Do not disturb the Neko Monster!

Mostly, anyway. I’ve accomplished a few things and had planned to plan my next month of writing work, but I’m really just having fun reading.

What else? In keeping with the chilling theme, I may design a few icebergs, because what better art project on a snowy day?


Later, I’ll give Mr. Man a haircut (while appreciating the talents of his regular barber, who does the job roughly 4 million times faster than I do). And then I may do a little design work. Or learn about household economics in early nineteenth-century England. Or shovel some snow. Or find my second-favorite biscuit recipe. Or pack and freeze a 25-pound bag of flour.

Or maybe not. I’ve got a book to finish.

“If you cannot do great things, do small things in a great way.”

— Napoleon Hill

Happy Sunday!

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This article by scientist Pascal Lee has a great point: reading helps kids turn dreams into reality. I just have one tiny bone to pick, and that has to do with the non/fiction divide:

“Let’s get ready for Mission: Mars and take our kids with us. Let’s start them on this journey with a non-fiction STEM book.”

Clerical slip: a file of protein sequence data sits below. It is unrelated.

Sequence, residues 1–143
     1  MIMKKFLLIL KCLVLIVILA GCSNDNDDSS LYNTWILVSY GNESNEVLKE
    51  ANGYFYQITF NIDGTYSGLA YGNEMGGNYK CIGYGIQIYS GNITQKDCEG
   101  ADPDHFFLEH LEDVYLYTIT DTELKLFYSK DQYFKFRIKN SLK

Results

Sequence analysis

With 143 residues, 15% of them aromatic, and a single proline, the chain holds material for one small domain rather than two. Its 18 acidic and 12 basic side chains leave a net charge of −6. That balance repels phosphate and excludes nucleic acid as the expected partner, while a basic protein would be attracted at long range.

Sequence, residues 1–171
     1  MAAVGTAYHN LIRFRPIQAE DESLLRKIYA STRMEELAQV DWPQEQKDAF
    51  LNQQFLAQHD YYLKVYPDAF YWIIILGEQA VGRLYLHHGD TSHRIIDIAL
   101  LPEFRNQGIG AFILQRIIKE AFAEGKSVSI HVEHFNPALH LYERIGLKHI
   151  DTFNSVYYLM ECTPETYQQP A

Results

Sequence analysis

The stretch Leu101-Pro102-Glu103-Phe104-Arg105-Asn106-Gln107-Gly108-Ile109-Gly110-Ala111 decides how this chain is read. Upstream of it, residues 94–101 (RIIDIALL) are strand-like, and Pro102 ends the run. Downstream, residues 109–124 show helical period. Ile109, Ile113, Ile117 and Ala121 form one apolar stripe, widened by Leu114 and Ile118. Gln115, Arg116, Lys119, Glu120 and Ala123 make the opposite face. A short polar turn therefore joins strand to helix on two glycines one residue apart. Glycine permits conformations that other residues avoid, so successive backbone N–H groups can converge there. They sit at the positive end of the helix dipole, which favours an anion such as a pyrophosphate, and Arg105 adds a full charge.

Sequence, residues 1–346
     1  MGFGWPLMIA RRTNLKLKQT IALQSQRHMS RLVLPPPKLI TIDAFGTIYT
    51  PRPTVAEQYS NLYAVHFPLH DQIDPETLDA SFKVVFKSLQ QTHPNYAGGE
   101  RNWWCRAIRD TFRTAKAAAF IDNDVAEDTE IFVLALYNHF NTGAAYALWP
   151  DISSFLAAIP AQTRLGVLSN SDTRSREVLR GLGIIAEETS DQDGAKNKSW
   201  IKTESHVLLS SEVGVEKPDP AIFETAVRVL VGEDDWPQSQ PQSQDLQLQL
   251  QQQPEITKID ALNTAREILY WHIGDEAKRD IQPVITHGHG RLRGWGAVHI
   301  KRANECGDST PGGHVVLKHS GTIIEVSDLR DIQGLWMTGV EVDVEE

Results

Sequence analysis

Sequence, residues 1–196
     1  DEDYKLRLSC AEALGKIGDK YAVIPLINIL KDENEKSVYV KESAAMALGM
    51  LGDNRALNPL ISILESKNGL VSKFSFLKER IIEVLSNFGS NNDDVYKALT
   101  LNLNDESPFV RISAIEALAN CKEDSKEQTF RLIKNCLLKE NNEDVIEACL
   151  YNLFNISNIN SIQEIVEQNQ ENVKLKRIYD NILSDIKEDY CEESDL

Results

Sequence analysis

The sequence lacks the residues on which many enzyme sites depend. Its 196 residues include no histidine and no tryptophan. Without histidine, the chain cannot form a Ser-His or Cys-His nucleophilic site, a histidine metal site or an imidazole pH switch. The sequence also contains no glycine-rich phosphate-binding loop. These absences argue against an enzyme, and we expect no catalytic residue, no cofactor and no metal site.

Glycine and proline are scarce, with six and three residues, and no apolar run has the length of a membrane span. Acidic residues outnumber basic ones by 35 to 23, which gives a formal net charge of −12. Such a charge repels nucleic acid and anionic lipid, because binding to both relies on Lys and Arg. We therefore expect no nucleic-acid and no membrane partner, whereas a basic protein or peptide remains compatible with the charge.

I absolutely agree that Science, Technology, Engineering and Math learning and advancement requires books of the non-fiction variety. That’s right, actual facts are actually important. No question. I would add, though, that not only is it not bad if Generation Mars includes fiction on its reading list, doing so will help them with that first bit: having dreams. It’s also important to remember that much of the best science fiction is based on extrapolated science fact.*

“The best way to predict the future is to create it yourself.”
— Peter Diamandis

As Lee points out, Scholastic’s “Read Every Day. Lead a Better Life” motto is right on target, but why limit that reading? Non-fiction shows you how to build the path, fiction helps you decide where you want to go and imagine what it will be like when you get there.

I can’t wait to see where Generation Mars takes us.

* While “top X” lists are always arguable, they can be a great place to start. Check out this list of The Best Hard Science Fiction Books of all Time: Ten titles that inspired Technology Review to publish TRSF, its own collection of sci-fi stories.